What’s the Economy For, Anyway?
Sometimes its hard to see through that almighty dollar. We need to stop and ask what the economy is FOR, anyway. This question is the focal point of a campaign being organized by filmmakers John de Graaf and Laura Pacheco, an outgrowth of the Forum on Social Wealth, described in my last post.
The campaign got off to a big bang last summer with some terrific sessions at the Green Festival in Washington D.C. and is currently fundraising for and developing a video–hopefully one that will be as successful as their last masterpiece, The Motherhood Manifesto. In the meantime, the Center for Communication and Civic Engagement at the University of Washington has posted some very useful powerpoint presentations at www.citizeneconomy.org.
I’ve recently watched two short on-line animations on economic themes. One is a delightful cartoon critique of consumerism cum capitalism called The Story of Stuff that’s recently gone viral. The other is Life and Music, a shorter, more whimsical riff on careerism, with cartoons by Trey Parker of South Park fame illustrating the words of philosopher Alan Watts.
At the other end of the genre spectrum, academic economists are paying more attention to measures of reported happiness, which aren’t as closely associated with wealth and income as they have traditionally assumed.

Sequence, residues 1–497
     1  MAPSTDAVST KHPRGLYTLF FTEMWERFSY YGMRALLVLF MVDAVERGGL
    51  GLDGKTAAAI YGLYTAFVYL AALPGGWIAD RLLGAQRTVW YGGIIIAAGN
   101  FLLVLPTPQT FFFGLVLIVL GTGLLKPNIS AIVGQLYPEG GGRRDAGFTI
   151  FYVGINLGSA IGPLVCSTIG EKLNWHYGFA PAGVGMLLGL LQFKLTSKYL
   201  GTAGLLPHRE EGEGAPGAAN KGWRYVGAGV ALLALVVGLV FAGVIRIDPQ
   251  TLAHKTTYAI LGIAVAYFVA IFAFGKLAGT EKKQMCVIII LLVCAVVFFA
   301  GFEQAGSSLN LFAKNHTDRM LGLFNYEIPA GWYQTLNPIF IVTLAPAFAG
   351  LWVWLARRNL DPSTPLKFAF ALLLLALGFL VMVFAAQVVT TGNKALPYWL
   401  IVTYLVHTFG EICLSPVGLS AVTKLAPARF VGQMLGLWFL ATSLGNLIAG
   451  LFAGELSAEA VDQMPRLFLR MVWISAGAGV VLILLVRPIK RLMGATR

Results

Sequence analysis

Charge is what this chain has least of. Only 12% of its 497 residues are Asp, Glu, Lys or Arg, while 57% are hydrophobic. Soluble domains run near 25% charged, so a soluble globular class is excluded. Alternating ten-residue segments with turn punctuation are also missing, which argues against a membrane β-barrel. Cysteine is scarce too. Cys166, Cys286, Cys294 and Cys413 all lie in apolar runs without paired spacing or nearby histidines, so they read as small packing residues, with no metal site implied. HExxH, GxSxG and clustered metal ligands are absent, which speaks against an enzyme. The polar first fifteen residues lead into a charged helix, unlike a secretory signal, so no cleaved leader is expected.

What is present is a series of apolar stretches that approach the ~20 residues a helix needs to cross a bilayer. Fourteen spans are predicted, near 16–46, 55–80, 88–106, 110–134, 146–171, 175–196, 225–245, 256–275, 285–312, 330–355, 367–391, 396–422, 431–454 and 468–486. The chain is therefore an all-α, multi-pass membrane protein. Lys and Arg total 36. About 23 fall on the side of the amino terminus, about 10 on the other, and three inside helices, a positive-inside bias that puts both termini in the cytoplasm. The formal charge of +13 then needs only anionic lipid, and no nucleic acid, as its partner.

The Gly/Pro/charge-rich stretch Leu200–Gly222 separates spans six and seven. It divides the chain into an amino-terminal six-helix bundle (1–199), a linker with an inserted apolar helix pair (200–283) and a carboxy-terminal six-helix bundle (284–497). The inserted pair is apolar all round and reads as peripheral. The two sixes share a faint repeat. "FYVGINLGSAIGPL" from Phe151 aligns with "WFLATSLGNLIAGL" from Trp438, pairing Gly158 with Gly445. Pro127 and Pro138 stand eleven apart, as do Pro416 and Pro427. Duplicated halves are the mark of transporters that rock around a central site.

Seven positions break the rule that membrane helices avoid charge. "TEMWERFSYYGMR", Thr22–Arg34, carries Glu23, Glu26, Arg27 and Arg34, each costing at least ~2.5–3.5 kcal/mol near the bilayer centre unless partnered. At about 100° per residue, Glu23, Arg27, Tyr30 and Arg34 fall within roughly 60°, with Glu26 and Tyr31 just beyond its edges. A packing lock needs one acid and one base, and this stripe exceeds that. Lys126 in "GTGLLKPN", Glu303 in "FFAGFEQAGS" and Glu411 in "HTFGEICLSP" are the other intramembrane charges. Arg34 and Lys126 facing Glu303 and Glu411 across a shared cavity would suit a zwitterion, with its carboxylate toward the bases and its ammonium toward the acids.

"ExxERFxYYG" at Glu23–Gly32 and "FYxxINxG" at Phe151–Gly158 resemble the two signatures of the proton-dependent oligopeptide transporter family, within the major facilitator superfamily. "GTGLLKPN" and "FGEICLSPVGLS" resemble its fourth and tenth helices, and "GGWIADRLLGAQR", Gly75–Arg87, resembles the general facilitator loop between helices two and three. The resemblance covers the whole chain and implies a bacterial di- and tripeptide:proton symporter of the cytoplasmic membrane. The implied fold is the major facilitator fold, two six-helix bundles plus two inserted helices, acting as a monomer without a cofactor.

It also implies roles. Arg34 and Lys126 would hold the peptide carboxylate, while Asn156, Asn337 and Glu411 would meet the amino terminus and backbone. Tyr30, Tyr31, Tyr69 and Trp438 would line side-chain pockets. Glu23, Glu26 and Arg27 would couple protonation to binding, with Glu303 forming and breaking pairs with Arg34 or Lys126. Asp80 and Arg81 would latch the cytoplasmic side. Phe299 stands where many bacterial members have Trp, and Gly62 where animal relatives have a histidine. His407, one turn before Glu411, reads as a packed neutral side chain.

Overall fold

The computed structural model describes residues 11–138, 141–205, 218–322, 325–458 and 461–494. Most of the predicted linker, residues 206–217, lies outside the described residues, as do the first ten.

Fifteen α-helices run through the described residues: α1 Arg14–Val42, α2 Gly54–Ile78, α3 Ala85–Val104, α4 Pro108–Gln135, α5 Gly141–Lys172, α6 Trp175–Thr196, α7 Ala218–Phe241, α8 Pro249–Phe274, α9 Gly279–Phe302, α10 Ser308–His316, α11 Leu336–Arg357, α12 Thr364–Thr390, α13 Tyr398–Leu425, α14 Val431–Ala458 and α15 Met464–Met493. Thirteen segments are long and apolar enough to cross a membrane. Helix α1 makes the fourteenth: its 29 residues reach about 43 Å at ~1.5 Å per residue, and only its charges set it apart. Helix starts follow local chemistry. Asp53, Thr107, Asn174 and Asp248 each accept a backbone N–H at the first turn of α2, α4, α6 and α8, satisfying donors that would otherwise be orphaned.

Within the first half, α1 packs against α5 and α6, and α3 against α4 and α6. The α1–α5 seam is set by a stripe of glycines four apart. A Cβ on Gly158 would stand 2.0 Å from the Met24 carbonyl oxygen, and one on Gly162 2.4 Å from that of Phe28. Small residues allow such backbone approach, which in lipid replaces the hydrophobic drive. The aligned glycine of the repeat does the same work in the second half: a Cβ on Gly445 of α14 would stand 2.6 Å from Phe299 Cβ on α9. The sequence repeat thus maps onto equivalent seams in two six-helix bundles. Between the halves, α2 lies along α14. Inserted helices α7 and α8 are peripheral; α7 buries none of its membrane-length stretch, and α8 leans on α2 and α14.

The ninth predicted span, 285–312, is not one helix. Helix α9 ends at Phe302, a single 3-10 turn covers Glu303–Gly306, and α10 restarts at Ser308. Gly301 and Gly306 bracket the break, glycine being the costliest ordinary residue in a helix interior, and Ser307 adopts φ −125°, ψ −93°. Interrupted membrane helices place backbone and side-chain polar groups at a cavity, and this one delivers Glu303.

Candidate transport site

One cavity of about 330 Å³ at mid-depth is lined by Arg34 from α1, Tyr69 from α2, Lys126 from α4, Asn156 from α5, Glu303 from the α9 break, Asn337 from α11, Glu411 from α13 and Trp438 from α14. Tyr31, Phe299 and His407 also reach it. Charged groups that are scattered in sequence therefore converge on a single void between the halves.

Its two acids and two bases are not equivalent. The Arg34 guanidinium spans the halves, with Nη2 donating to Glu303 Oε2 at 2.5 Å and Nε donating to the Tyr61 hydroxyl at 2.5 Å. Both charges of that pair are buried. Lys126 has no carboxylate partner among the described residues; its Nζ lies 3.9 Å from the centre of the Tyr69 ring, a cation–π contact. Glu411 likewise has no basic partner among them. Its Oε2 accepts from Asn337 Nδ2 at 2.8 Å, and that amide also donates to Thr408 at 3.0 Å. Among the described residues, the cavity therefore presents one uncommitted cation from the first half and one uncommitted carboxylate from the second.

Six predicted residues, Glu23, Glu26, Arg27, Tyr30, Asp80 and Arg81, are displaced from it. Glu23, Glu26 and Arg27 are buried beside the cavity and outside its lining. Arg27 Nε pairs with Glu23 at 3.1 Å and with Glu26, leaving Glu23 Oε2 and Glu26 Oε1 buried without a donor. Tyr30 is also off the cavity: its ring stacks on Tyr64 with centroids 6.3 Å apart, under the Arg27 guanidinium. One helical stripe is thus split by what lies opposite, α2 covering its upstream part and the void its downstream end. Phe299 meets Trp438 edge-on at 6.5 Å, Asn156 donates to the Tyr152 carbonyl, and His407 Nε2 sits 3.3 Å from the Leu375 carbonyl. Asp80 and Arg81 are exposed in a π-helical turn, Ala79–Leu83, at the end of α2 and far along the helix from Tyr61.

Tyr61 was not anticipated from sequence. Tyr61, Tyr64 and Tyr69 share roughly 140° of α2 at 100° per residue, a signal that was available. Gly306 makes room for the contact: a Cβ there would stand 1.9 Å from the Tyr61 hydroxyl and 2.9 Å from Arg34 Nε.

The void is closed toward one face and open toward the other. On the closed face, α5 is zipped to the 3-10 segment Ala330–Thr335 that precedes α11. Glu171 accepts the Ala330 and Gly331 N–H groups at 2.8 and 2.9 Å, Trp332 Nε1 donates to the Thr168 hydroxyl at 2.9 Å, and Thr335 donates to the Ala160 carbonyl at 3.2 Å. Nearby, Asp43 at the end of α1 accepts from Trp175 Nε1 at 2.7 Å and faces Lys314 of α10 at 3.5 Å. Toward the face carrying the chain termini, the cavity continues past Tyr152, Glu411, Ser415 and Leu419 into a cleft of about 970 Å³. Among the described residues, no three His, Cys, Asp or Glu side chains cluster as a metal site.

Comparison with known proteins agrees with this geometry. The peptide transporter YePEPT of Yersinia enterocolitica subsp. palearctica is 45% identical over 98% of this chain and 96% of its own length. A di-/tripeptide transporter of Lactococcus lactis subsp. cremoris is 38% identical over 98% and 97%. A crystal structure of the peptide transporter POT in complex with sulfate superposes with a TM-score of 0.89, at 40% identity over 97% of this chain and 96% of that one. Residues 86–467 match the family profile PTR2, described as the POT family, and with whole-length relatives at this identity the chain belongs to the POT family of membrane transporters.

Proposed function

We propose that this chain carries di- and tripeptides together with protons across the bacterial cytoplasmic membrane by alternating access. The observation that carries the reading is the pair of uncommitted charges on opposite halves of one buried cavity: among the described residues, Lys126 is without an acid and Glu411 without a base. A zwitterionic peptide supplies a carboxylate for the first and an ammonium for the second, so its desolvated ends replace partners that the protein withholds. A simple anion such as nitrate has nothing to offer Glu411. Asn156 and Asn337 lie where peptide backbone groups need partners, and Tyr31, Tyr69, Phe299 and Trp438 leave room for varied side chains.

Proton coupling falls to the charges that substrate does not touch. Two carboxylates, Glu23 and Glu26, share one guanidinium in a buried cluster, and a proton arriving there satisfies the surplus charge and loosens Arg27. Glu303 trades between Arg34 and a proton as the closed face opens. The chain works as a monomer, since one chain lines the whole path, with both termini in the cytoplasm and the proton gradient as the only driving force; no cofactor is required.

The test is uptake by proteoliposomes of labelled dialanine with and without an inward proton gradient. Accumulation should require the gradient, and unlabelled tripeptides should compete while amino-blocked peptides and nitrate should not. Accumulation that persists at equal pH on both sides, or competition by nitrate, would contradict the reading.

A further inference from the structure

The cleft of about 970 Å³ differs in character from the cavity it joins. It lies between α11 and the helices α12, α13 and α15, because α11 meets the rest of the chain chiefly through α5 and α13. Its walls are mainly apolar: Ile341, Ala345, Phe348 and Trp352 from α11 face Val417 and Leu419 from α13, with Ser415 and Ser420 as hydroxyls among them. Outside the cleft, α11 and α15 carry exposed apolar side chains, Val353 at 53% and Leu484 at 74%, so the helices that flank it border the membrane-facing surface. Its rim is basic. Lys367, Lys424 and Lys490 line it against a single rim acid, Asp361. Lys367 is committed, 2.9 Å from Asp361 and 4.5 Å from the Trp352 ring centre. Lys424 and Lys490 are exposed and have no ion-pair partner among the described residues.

Plus there’s growing interest in the the contribution of family and community work (raising kids, taking care of elderly, volunteering) to our collective standard of living. Now that many countries, including the U.S., collect data on how people use their time, its possible to quantify the relative importance of this work.
I have been toiling away this week on an essay for a forthcoming book called The Oxford Handbook of Economic Inequality, explaining why measures of inequality based on income or consumer purchases are incomplete. They don’t take the value of family work–or the value of leisure–into account.